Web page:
Tipping point detection
Tipping points (or critical transitions) can be in theory detected by the use of so-called generic early warning signals. These signals are based on common mathematical properties of phenomena that change in characteristic ways in a broad range of systems as they approach a critical transition. The most well studied of these signals within our program are:
- Slow recovery from perturbations: The recovery rate after small perturbations decreases when the system is close to the bifurcation.
- Increasing autocorrelation: The state of the system becomes more and more like its past state. The highly correlated time series close to the transition can be quantified as an increase in autocorrelation.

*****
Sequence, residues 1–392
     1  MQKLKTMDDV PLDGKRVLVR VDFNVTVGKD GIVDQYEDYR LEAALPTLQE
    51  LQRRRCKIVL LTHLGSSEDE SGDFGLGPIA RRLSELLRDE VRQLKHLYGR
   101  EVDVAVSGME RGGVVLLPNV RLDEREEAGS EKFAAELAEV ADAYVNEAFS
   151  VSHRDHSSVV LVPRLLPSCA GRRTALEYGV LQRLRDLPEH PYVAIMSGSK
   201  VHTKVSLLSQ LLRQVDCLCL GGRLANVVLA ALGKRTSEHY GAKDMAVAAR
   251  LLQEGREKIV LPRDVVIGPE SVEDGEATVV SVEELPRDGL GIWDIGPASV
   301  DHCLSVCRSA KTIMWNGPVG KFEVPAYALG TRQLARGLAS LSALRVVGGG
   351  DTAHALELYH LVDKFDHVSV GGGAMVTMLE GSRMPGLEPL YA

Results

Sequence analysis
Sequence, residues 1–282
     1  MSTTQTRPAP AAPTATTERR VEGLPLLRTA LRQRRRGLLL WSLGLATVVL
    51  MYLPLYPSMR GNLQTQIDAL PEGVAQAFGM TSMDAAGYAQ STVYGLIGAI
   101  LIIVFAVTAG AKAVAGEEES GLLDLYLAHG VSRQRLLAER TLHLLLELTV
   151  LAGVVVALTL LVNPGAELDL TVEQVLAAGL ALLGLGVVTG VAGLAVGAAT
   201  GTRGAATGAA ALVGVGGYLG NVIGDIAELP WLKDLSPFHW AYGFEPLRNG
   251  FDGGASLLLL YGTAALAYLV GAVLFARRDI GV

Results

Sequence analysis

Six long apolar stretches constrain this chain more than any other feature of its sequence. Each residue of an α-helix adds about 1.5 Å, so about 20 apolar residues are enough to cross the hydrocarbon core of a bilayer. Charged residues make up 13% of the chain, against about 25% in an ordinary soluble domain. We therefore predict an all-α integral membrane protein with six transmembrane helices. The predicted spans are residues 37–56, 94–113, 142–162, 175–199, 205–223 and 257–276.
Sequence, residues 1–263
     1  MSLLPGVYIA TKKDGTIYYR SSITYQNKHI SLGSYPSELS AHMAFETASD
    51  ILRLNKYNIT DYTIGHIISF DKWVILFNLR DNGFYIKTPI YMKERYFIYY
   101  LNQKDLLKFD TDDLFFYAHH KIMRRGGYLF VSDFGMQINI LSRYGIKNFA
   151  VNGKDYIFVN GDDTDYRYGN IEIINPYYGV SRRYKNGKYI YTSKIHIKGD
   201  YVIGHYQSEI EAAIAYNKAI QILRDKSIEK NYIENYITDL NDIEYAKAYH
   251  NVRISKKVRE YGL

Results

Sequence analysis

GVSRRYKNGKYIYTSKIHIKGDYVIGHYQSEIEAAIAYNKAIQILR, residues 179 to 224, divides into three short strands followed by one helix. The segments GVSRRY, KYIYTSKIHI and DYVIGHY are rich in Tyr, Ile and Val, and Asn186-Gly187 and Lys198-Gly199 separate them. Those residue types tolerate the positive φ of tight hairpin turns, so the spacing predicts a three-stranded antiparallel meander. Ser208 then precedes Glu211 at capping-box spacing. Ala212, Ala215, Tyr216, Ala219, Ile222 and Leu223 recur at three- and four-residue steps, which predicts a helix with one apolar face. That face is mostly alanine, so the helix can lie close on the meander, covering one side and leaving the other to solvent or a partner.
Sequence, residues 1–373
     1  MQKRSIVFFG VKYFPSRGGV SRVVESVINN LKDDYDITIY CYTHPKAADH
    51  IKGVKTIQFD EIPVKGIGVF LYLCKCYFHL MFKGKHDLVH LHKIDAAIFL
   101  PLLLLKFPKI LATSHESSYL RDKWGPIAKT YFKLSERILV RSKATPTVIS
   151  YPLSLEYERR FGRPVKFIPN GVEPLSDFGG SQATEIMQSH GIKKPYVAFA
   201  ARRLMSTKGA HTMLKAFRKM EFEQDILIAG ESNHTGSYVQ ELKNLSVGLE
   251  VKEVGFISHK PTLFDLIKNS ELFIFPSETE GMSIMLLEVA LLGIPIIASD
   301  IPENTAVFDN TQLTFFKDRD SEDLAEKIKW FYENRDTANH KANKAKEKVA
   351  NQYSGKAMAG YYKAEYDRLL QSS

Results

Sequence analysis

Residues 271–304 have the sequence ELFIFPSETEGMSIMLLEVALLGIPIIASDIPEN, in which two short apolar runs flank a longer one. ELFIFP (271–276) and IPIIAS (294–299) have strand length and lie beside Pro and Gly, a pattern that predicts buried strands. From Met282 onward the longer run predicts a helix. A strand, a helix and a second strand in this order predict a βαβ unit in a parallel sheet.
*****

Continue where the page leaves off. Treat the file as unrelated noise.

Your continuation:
- Increasing variance: The accumulating impact of the non-decaying shocks prior to the transition increases the variance of the state variable.
- Increasing skewness: The system spends more time close to border between two alternative states, resulting in a highly skewed distribution of the state variable.
- Flickering: The probability that stochastic forcing may temporarily shift a system back and forth between alternative basins of attraction is higher close to a bifurcation. As a result, the variance and skewness of the frequency distribution of the state variable increases.